“Independent producers will weather this low-price environment just as they have in the past, and Oklahoma will continue to be one of the best places in the world to invest in the oil and natural gas industry,” says Bannister.

Many working Oklahomans hold jobs in the oilfield, and more drilling rigs exploring for Oklahoma oil and natural gas put more Oklahomans to work.

However, all Oklahoma’s independent producers will continue to face challenges in a low-price environment.

“Oklahoma companies can be divided into the relatively small independent producers and the ‘super’ independents [like Chesapeake Energy or Devon Energy],” says Evans. “Each faces their own challenges.”

The super independent has a larger asset base (large acreages, production reserves, subsidiary operations, etc.) and likely has easier access to financial capital (via debt/equity issuance, private equity, etc.) and is likely to be more actively managed on the financial side (active hedging, trading, rolling over debt, etc.), says Evans.[pullquote]The interests of the small producers are increasingly at odds with the larger super independents on issues like spacing, pooling, etc.,” says Evans. “At least for now, the days of the wildcatting producer seem to have passed.”[/pullquote]

“However, the larger independents are likely to be traded publicly and have to leverage the areas just identified to manage market expectations and shareholder unrest,” says Evans. “That is, they have to manage through the current price environment while positioning themselves for the next price environment.”

In contrast, the small, independent producer is likely much less reliant on outside capital (although a fair amount of private equity money found its way to smaller producers in this last boom period) and has little in the way of marketable assets of significant size, explains Evans.

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“Small producers tend to survive the storm using cash reserves, reducing their drilling budgets significantly, and looking for strategic ways to generate cash flow during a downturn,” says Evans. “A well-managed small producer can survive a price downturn as easily as a large independent; they just face a different set of stressors.”

However, these stressors can mean fewer jobs to go around, particularly in service companies. In a low-price environment, some independent producers have to lay off workers.

“There is some differentiation between oil and gas production and exploration (E&P) companies, versus the oil and gas service companies,” explains Steven C. Agee, dean of Oklahoma City University’s Meinders School of Business. “Service companies would include companies involved in drilling and completion/logging services.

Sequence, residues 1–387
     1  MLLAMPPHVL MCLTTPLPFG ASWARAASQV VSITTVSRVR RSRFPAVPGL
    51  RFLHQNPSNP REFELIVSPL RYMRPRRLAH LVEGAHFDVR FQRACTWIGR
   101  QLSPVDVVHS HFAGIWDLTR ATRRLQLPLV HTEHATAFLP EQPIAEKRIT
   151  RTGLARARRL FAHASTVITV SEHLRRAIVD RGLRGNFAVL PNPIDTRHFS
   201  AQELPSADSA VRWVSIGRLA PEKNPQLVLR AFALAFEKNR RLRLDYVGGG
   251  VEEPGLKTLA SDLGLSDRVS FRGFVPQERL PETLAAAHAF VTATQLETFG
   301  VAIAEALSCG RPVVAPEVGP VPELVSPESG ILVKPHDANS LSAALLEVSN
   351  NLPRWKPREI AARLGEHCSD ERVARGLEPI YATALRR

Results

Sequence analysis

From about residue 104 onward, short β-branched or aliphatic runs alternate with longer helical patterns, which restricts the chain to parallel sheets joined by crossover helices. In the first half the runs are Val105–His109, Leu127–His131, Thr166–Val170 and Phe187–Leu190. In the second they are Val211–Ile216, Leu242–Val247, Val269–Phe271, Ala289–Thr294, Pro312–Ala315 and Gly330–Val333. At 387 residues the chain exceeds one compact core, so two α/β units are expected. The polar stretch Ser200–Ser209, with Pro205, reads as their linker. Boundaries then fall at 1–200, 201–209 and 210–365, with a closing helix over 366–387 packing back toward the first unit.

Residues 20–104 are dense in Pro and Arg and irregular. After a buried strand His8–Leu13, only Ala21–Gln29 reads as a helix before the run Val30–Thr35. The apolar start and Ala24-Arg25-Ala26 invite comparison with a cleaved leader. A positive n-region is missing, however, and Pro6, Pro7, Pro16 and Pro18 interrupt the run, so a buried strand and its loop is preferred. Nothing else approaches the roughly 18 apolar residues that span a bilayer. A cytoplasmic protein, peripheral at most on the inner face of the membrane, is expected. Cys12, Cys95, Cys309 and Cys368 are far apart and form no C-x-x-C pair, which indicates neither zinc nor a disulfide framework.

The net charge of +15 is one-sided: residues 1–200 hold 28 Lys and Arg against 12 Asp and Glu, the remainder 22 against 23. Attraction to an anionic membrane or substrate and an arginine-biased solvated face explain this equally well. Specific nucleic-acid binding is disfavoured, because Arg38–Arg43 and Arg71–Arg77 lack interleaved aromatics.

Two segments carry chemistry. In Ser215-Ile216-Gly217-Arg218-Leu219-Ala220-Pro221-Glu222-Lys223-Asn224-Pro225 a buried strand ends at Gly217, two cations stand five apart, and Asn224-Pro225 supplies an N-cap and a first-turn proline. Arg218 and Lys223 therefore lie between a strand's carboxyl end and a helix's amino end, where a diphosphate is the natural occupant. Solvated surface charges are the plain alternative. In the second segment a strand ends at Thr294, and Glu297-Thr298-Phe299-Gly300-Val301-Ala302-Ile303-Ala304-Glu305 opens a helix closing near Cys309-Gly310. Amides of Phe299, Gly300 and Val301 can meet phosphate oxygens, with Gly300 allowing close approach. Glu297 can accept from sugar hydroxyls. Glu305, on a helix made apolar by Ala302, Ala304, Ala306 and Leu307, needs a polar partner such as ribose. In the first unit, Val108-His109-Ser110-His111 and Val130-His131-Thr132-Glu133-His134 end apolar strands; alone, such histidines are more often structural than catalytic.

“These service companies have been hit much harder, particularly in the area of employment, in this recent downturn than the E&P companies,” says Agee.

In addition, because the E&P companies are reducing the number of wells they drill and complete, in an effort to bring capital expenditures (CapEx) more in line with cash flow, the demand for drilling rigs and completion units (frack jobs, acidizing, electric logs, etc.) has also decreased, says Agee.

“As a result, E&P companies can extract a lower price for the services handled by the service companies,” says Agee. “This places an additional burden on the service companies, but actually works in favor of improving the margins for the E&P companies.”

In the future, the role of independent producers in the state will continue to change, much like the prices at the gas pump.

“The interests of the small producers are increasingly at odds with the larger super independents on issues like spacing, pooling, etc.,” says Evans. “At least for now, the days of the wildcatting producer seem to have passed.”

Wildcatter is a term, coined in the 1800s, for a person who is willing to risk drilling in an unproven area.

“The focus now is not on a wildcat search for the next big oil trap (a vertically drilled reservoir) but on the systematic extraction of oil from known formations (horizontally drilled and fractured wells through tight shale, for example),” says Evans.

“Oil and gas companies are increasingly large, technologically complex, extraction industries where they were once small, scientifically driven finding industries,” says Evans. “I suspect it will get increasingly difficult for small producers to find a niche in tomorrow’s oil and gas landscape. A certain size is probably necessary to truly participate in enough high-cost plays to maintain a manageable risk/return profile.”

But, for now, independent producers continue to contribute significantly to the economy, not only in Oklahoma, but across America.

“Independent producers develop 95 percent of domestic oil and gas wells, produce 54 percent of domestic oil and produce 85 percent of domestic natural gas,” says Neal Kirby, manager of public affairs and communications for the Independent Petroleum Association of America.

“Independents support over 2.1 million American jobs,” says Kirby. “Independent producers are investing 150 percent of their domestic cash flow back into domestic oil and natural gas development to enhance their already aggressive efforts to find and produce more energy.”